Nonprofits: Don’t miss this opportunity
When was the last time you heard of a nonprofit organization that couldn’t use more money? Not the mega-nonprofits that pay CEOs big bucks, but the community nonprofits that rely on volunteers and raise money selling cupcakes and crafts, serving spaghetti dinners, playing golf, and staging concerts, plays, and poker rides. They hold fundraisers in hopes of netting enough to fix a roof, give a scholarship, provide a classroom with updated technology, or beautify a park or equestrian center.
Those are the groups Ramona Community Foundation wants to help. The foundation, off to a shaky start in 2010 because of the economy, for the first time has money to give to nonprofits with proposals “that clearly address Ramona-specific issues and needs.”
What an opportunity for groups like the Arriba Teen Center, which may be forced to close in June, and Ramona Town Hall, which could use a heating and air conditioning system for the East Wing that’s up for rent. Schools could apply for everything from iPads for a classroom to a fix for a leaky roof. And what about the skate park we’ve heard about for years?
The foundation has $30,000 to give away this year. That’s not a lot, but it’s not chump change, either. It’s a start — and it may jump-start communitywide interest in the foundation. The possibilities are endless in a town like Ramona, where much depends on volunteers and generous donations, often from anonymous donors.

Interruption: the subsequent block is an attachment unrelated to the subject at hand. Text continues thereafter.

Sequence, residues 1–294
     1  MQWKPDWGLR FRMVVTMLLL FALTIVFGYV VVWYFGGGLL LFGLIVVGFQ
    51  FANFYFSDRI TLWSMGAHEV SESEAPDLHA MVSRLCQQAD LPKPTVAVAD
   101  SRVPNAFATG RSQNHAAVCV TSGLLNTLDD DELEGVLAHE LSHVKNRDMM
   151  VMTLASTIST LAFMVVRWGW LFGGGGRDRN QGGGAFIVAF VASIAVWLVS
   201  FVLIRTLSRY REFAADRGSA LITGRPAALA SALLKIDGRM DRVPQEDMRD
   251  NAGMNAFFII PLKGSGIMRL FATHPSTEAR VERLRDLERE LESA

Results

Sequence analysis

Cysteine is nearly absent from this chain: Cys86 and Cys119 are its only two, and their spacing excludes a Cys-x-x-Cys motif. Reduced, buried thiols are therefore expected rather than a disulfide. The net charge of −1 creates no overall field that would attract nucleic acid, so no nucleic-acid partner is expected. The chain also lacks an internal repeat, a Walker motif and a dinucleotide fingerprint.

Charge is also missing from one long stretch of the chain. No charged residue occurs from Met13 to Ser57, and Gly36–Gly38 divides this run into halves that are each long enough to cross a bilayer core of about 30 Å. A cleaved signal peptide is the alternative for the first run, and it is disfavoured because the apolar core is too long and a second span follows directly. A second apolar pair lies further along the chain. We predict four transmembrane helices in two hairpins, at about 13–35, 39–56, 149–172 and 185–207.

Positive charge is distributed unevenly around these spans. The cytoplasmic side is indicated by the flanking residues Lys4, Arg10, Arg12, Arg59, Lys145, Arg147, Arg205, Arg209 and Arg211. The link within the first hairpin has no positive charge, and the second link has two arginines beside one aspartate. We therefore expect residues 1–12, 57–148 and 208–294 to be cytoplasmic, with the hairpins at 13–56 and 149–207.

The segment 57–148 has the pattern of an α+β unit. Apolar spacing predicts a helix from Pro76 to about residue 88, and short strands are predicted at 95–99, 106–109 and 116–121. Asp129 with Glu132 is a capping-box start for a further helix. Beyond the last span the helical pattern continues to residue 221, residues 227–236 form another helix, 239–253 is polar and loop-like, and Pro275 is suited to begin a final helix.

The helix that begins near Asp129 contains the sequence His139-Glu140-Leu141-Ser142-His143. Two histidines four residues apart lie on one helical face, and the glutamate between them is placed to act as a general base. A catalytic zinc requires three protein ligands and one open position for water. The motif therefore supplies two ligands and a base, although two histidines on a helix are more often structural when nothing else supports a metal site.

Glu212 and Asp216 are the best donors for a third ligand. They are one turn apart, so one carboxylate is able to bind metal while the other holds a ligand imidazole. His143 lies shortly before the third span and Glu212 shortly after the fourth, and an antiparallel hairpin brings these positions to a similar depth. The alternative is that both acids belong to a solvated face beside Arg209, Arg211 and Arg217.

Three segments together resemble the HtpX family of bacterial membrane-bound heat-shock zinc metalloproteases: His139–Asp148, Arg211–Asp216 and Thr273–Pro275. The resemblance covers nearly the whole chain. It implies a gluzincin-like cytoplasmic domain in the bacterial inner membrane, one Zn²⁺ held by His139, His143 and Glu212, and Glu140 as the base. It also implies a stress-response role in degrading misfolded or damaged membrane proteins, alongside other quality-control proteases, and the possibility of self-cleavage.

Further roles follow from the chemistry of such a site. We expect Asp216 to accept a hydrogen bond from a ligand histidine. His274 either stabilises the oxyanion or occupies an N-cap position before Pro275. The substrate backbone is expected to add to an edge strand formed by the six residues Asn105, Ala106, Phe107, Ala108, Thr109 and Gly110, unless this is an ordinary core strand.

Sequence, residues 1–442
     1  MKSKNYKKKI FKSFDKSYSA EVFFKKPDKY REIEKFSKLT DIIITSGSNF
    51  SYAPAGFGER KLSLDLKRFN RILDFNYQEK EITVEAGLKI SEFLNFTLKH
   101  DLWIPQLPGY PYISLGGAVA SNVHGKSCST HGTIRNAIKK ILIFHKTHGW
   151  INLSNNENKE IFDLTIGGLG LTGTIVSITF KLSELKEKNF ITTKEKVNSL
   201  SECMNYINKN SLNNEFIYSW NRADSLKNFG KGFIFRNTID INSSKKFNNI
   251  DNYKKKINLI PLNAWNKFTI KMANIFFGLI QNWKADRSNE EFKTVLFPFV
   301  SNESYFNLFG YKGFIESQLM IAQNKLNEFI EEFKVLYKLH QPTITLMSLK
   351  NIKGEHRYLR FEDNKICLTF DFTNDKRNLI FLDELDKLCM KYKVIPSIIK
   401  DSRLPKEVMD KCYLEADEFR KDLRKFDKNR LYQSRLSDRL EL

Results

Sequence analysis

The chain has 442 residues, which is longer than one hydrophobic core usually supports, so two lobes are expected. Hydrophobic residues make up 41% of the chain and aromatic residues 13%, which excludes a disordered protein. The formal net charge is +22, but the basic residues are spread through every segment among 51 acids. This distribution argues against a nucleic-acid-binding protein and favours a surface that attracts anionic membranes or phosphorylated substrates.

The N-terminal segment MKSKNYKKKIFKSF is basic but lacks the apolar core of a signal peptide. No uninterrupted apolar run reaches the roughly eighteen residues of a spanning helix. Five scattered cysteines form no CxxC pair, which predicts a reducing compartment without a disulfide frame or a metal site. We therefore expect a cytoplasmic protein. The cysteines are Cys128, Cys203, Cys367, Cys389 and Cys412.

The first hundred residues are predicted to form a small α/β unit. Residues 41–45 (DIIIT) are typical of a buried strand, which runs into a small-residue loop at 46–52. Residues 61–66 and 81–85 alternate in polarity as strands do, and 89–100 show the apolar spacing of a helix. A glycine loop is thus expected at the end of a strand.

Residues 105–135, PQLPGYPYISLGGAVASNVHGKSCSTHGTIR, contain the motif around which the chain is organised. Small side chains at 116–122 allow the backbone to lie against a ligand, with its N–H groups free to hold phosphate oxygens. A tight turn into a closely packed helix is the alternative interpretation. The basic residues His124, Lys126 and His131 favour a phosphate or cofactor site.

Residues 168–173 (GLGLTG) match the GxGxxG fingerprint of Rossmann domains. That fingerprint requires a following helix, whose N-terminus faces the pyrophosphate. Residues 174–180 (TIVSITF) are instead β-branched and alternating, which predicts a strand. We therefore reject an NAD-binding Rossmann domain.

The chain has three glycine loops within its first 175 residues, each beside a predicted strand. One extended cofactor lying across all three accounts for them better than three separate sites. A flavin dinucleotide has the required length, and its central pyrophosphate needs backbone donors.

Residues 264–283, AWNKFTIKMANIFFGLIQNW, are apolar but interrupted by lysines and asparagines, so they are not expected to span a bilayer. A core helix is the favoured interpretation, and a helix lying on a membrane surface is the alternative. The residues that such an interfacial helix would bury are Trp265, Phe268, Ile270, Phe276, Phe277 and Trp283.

A mother at a recent school board meeting begged trustees not to lay off teachers and suggested they set up a Ramona Unified Foundation similar to the Del Mar Schools Education Foundation. Another resident discussing the likelihood that the trustees will put a bond issue on the November ballot commented that some Ramonans would rather give $5,000 to a meaningful project than vote for a bond.
Ramona may never be in Del Mar’s ballpark, but one never knows. It depends, after all, on its residents.
The Ramona foundation has only eight members, who pledge at least $1,000 a year. Fifty percent goes toward grants for that year and the rest goes to an endowment that grows interest.
Much needs to be learned about the Ramona Community Foundation. Wednesday, May 30, seems like a good place to start.
We encourage nonprofits to send representatives to the 3:30 p.m. meeting in Olive Peirce Middle School Library to learn more about the grant process and about the foundation.
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